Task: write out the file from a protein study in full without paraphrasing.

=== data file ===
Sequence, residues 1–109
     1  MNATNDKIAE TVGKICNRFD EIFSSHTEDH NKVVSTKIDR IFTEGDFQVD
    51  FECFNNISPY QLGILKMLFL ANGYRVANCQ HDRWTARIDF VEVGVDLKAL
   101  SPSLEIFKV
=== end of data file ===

Sequence, residues 1–109
     1  MNATNDKIAE TVGKICNRFD EIFSSHTEDH NKVVSTKIDR IFTEGDFQVD
    51  FECFNNISPY QLGILKMLFL ANGYRVANCQ HDRWTARIDF VEVGVDLKAL
   101  SPSLEIFKV